Star Wars: The Force Unleashed – out now

Ever since Nintendo unveiled their wireless white wonder to the world (the Wii), practically everybody who saw the infra-red WiiMote control in action at some point thought the same thing: ‘Wouldn’t it be totally sweet if someone made a Star Wars game which allowed you to use the controller as a lightsabre?’

Well, turns out that someone did. The Star Wars ‘Expanded Universe’ – that is, stories set before, beyond and in between the narratives of the six films – is huge. There are hundreds of ancillary novels, comic books and video games set in the Star Wars universe, some of them great (see the Battlefront and the Knights of the Old Republic series’) some of them not so great (Empire at War). The Force Unleashed looks set to neatly slot into the former category.

The action takes place between Episodes III and IV, (so it’s technically Episode 3.241407 or something like that) and see players assuming the mantle of one Galen Marek, the secret apprentice of Darth Vader who is charged with hunting down the remaining Jedi after the Emperor orders their extermination.

The plot of the game neatly fills in the gaps between the two films, and unlike a lot of the extraneous Star Wars titles, which are mostly composed of characters who bear little or no relation to anyone in the films (and therefore you don’t really care), The Force Unleashed boasts a compelling storyline that even the most pedestrian of Star Wars fans will be able to appreciate and enjoy. The quality of the scriptwriting is also of a noticeably high standard, as is the voice acting.

As the existence of the main character is supposed to be a secret, one of the core mantras of the game is to ‘leave no witnesses’. This means ‘kill everything that moves’. This is undoubtedly one of the most violent Star Wars games ever released, and it is unashamedly retro in terms of gameplay; you race around levels armed with your red lightsabre, picking up heavy objects with the Force and hurling them at enemies, frying Wookies and Stormtroopers with Dark Side lightning, slamming Jawas into walls… there’s not exactly a stealth element involved.

With the Force, you can pick up virtually anything in the playing area and use it as a projectile, from crates, to large rocks and boulders to droids and even the bodies of your foes themselves. It doesn’t stop there either; you can even call upon the force to lift airborne TIE Fighters out of the sky and send them crashing to the ground.

Whilst the controls on the Wii are responsive enough, the WiiMote motions didn’t live up to our lightsabre fantasies. Despite this, controls are as intuitive and easy to pick up as those to be found on Zelda. Obviously, other formats don’t benefit from this, hands-on hack and slash approach, but needless to say, the visual output of the 360 and the PS3 outstrips that of the Wii by a considerable amount.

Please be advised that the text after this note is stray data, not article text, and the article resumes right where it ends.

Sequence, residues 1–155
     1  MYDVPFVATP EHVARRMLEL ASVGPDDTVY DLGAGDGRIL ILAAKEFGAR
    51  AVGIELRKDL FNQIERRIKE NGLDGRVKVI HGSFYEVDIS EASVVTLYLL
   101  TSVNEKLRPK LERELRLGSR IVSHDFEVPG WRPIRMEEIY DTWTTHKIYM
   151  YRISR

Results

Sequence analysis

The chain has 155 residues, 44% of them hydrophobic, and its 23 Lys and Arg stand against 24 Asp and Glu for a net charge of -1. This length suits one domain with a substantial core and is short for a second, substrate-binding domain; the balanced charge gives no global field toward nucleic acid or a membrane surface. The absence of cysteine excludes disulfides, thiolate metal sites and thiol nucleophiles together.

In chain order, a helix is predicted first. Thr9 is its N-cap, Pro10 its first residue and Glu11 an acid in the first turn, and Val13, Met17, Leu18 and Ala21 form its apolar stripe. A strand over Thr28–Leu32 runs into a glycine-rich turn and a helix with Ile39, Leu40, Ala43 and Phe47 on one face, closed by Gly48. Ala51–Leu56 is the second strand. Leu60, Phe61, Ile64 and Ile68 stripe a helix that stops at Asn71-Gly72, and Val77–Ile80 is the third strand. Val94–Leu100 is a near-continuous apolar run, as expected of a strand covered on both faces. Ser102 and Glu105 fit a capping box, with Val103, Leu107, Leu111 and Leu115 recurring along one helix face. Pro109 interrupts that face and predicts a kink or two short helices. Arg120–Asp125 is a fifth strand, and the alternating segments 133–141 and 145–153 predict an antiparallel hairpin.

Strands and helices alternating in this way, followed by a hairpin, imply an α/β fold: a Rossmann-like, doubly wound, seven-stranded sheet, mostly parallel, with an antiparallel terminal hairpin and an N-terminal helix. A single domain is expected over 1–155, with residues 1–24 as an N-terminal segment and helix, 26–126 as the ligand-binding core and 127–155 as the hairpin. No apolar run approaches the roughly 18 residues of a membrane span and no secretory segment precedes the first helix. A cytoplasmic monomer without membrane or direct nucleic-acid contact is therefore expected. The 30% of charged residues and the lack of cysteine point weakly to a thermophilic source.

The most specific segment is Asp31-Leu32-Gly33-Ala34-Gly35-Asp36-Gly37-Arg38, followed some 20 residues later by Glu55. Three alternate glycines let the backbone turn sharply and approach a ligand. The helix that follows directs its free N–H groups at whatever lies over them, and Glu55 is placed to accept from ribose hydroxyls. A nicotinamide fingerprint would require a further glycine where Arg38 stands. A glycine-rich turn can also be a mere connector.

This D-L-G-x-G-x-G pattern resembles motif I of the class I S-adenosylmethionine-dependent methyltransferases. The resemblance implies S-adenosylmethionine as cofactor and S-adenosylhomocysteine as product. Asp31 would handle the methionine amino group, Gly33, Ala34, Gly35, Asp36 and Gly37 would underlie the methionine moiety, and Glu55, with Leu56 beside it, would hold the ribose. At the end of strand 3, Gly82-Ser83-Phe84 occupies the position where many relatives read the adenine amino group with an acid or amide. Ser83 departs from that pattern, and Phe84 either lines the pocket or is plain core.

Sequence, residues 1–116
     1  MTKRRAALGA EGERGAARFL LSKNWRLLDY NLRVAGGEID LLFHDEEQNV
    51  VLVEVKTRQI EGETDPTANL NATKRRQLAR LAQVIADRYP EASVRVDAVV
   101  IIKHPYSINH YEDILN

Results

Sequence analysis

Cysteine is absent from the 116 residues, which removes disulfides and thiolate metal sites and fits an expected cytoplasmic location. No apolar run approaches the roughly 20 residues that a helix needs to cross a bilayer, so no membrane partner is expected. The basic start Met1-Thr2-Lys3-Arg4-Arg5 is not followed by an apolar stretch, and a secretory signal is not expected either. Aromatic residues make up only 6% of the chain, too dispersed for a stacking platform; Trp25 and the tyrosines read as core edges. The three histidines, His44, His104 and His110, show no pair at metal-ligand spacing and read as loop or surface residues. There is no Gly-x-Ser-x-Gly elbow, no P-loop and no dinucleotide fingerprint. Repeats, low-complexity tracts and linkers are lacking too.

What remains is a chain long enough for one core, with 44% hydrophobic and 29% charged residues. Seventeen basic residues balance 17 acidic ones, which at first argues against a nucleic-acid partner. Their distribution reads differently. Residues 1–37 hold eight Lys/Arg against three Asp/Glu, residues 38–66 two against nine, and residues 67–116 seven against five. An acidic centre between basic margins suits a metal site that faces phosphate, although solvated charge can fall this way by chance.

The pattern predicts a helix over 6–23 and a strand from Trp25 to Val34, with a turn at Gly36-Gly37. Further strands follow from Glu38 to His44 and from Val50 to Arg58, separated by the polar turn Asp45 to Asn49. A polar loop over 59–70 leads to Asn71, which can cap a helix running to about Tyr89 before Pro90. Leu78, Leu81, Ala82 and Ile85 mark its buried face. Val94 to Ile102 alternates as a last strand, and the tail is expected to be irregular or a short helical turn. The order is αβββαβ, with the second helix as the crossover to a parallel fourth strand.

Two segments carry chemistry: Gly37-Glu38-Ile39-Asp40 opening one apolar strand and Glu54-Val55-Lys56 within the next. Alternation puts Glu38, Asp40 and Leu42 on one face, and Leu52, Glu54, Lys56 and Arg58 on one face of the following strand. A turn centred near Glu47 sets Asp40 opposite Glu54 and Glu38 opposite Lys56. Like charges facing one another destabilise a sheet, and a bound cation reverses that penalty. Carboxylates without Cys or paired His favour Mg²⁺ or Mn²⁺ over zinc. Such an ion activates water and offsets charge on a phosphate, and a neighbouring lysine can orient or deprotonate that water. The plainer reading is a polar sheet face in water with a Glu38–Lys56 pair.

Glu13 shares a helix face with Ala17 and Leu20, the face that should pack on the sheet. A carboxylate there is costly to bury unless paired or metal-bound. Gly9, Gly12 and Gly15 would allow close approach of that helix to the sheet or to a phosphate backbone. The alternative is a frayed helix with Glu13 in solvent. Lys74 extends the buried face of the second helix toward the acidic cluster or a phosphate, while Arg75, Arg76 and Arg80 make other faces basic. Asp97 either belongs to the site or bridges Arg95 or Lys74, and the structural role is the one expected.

The main downside include how limited you start out in terms of abilities. After the initial rush of the training level on the Wookie homeworld of Kashyyyk which gives you free reign of all the available Force powers and abilities, you end up starting the game proper with not even half of these available at your disposal; the game relies on a tried and tested ‘unbinding’ process, where you start off with relatively few abilities and gradually unlock more skills as the narrative progresses (Metroid, Zelda, etc); at times it feels like it should have been called The Force Prohibited instead.

The game also follows a linear path, compounded by its storyline and doesn’t come with the same sense of grandeur, freedom and scale that the Knights of the Old Republic games did.

Combat after a while can also become tiresome, once the novelty of moving down enemies wears off. As an all powerful agent of the dark side, you begin to feel disappointed as wave after wave of unworthy enemies come after you only to die easily at your hands. Locking on to items or objects is also choresome; sometimes instead of targeting up a desperately needed phial of health during a frantic boss battle, you end up picking up a chair and hurling it uselessly against a wall by mistake. End of level bosses, otherwise tense, cinematic affairs, are frustrating collisions of bad camera angles and mis-spent Force powers, and, perhaps most annoyingly, QTEs – Quick Time Events – the kind of Simon Says where you have to press/move buttons in time with the on-screen prompts, the kind of thing which ruined some of the key moments in Resident Evil 4.

Though you could easily complete the game in a single setting, you’ll want to go back and do the whole thing through again to fully explore the possibilities of using the Force to take down enemies; TFU is still one of the best Star Wars games to emerge in recent years.

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One Response to “Star Wars: The Force Unleashed – out now”

  1. says:

    These screenshots look wicked. The game is even better.

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